Sierra Nevada forest (Photo Credit: Miguel Vieira/Flickr)
When some experts talk about California’s infrastructure challenge–the estimated $765 billion the state needs to spend over the next 10 years to meet the needs of a growing population–they tend to focus on the specific projects the state will need to invest in to make up for more than a decade of neglect, from local roads and public transit to K-12 schools and the state’s water systems.
But, Glenda Humiston, the U.S. Department of Agriculture’s California state director for rural development, views the problem differently. “Too many people are submitting ideas about needing more policy or more programs,” says Humiston, a longtime champion of sustainable economic development. “But I think we need to look at the bigger picture.”
This bigger picture, according to Humiston, should involve a more comprehensive approach that would address one of the state’s perennial issues: The vast differences between its coastal urban regions and its even more expansive, but often overlooked, rural areas. In short, Humiston wants to see state leaders take on what many consider California’s next big budget challenge by adopting a strategy that incorporates both its urban and rural infrastructure–and, most importantly, ties the two together.
This is not a new idea: Variations on Humiston’s approach, called “working landscapes,” have been discussed for decades. What is new is this: By incorporating this approach into the state’s soon-to-be-released five-year infrastructure plan (expected later this summer), California could take an important first step toward tying together its urban and rural regional economies, developing a goods movement strategy that connects them–and best of all, do it in a way that’s good for the land.
Building bridges between regions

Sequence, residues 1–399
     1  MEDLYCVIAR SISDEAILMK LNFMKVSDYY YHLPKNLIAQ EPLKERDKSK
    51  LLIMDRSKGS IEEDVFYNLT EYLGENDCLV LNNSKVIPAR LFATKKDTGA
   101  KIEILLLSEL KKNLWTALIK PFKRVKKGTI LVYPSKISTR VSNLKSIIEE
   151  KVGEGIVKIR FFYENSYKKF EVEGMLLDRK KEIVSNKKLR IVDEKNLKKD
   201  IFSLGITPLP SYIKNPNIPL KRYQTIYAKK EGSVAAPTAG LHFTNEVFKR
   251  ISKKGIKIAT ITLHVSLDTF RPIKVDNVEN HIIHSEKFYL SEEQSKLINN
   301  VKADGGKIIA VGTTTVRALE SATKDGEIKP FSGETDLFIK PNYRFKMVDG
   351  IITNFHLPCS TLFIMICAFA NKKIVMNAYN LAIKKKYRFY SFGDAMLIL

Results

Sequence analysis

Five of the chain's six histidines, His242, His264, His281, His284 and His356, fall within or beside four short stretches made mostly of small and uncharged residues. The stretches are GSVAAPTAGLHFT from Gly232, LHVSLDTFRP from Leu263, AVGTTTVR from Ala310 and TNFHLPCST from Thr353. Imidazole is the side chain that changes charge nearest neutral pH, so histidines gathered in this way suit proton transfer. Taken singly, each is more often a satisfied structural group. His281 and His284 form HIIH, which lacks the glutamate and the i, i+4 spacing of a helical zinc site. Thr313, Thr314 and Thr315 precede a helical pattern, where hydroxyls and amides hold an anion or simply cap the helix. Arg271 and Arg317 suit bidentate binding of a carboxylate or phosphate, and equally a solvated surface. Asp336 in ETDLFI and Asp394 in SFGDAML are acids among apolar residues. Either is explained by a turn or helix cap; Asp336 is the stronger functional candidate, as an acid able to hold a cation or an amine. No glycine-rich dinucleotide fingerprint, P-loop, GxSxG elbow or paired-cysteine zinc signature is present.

“Not a lot of thought has been given to how we’ll all benefit if we have better collaboration between our various regions,” says Humiston. “If we can understand the linkages better, if we can start looking for opportunities to build bridges between them, what it could do for the economy is potentially mind-blowing.”
There’s no time like the present, in Humiston’s view. In 16 regional forums hosted this spring by the California Economic Summit, “working landscapes” emerged in region after region as a popular idea, both in urban and rural areas. The Summit steering committee has made working landscapes one of its six Signature Initiatives for 2013, creating an action team that will spend the summer and fall exploring how these ideas could be applied to a range of state policy areas.
But Humiston believes the governor’s infrastructure plan, in particular, could provide a golden opportunity for the state to apply this concept right away to address one of its most pressing challenges.
“My career has been devoted to this question of how we create policies for sustainable agriculture, forestry, mining, fisheries, etc.,” says Humiston. By focusing on the mutual goal of landscapes that work, a range of different industries and state programs have created jobs in a way that’s also good for the environment, from prescribed burns in forests to reduce the risk of wildfires and increase biodiversity to promoting sustainable livestock grazing that improves habitat for endangered species.